Canadian composer Ann Southam (born in 1937) has written primarily in small forms, so the hour-long, 12-movement Simple Lines of Enquiry is, for her, a large work, and like much of her music, it is scored for piano. Although Southam doesn't apply the term to herself, the music has a minimalist feeling. Apart from the isolated instances when two notes are simultaneously struck, it consists of a single melodic line, so its harmonies are only implied by the pitches of the melody and by the sonorities created when the sustain pedal is held over the course of a phrase. Southam uses a twelve-tone (or twelve-interval) row as an organizing element, but it is virtually impossible to perceive it in the music, which is chromatic, but which has enough repetitions to create a feeling of tonal centeredness. The 12 movements are remarkably similar in length (all the movements except the last are very close to four and a half minutes long), volume (very quiet), tempo (very slow), and rhythm (the melodies consist mostly of notes of equal value, but they are to be played with extremely flexible rubato). The melodic phrases are of varying lengths, with the last note sustained, and their contours are always shifting. The effect is one of blissfully unhurried serenity. While the music doesn't exactly come across as static, neither does it convey any particular sense of development or direction. It creates a gently floating sensation that is satisfying enough that it's easy to let oneself go and just be carried along by its graceful lines. Eve Egoyan, a frequent collaborator of the composer's, plays with great delicacy and sensitivity to the shape of the music. According to the program notes, "This music is intended to be quiet. Please adjust your playback level accordingly," but it is recorded at a very loud level, so the adjustment needs to be drastic.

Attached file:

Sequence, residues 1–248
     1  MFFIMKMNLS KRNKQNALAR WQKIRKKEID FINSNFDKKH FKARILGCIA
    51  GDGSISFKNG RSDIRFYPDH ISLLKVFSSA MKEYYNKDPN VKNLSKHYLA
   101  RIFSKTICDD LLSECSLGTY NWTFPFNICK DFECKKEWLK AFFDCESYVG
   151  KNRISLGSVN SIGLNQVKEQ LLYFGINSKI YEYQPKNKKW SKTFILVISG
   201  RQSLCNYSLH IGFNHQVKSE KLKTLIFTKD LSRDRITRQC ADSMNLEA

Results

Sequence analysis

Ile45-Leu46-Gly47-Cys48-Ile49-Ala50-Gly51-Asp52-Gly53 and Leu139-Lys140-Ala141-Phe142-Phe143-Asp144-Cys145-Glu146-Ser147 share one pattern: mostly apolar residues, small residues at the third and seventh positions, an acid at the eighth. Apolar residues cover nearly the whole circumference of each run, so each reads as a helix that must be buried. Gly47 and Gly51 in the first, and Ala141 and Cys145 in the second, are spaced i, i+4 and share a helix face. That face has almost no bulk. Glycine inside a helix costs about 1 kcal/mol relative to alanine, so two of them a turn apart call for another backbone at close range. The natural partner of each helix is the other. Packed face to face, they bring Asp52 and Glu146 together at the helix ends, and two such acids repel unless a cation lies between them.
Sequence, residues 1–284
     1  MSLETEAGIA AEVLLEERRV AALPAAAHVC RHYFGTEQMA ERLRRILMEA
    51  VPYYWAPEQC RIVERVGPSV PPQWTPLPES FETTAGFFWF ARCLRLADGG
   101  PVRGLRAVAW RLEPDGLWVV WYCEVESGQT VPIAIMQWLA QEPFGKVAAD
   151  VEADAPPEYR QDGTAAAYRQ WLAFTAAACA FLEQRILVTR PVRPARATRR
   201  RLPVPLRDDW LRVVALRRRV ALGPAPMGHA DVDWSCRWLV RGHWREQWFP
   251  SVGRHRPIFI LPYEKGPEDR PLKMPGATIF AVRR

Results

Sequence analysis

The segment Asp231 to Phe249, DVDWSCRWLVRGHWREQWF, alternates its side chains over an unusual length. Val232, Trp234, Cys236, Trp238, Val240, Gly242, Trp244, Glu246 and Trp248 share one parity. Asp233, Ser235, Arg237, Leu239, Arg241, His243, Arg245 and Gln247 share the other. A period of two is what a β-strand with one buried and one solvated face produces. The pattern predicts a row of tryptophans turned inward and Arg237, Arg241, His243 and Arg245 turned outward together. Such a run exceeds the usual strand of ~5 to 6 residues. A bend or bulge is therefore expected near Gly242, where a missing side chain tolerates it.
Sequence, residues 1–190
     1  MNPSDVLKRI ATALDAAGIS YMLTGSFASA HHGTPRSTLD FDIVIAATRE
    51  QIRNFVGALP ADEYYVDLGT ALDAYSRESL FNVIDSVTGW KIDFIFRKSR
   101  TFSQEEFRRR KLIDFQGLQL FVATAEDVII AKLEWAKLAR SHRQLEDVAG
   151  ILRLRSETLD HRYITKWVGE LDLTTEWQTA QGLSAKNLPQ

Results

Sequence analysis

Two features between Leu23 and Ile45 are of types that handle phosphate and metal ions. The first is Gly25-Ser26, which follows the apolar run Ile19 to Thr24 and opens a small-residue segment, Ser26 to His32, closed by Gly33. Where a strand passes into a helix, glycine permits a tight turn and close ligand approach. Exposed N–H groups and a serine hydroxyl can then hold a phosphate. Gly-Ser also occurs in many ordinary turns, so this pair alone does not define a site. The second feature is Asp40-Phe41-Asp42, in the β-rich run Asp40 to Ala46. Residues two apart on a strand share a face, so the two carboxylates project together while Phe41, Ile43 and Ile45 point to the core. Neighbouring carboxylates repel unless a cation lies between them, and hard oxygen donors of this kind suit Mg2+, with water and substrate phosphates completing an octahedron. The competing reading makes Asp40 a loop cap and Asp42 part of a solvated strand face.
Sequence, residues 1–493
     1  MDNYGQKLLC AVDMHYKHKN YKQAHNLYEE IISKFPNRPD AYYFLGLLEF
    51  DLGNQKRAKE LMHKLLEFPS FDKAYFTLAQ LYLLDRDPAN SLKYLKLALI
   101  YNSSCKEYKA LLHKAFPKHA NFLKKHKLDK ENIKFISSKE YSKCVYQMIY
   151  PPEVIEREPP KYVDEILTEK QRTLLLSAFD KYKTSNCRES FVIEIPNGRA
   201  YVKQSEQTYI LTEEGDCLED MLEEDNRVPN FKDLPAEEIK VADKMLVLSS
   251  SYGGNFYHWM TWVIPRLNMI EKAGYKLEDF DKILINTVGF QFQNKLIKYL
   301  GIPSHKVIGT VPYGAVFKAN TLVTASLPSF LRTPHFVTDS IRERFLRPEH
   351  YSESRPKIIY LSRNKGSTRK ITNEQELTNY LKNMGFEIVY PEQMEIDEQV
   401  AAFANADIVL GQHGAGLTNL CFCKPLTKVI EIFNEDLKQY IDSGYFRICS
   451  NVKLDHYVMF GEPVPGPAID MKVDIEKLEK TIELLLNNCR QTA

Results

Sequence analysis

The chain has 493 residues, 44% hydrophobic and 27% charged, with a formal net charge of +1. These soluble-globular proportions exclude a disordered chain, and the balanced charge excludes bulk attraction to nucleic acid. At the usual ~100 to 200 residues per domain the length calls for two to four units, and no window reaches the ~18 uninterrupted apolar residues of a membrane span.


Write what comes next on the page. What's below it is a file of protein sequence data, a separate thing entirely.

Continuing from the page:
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AllMusic Review by Stephen Eddins
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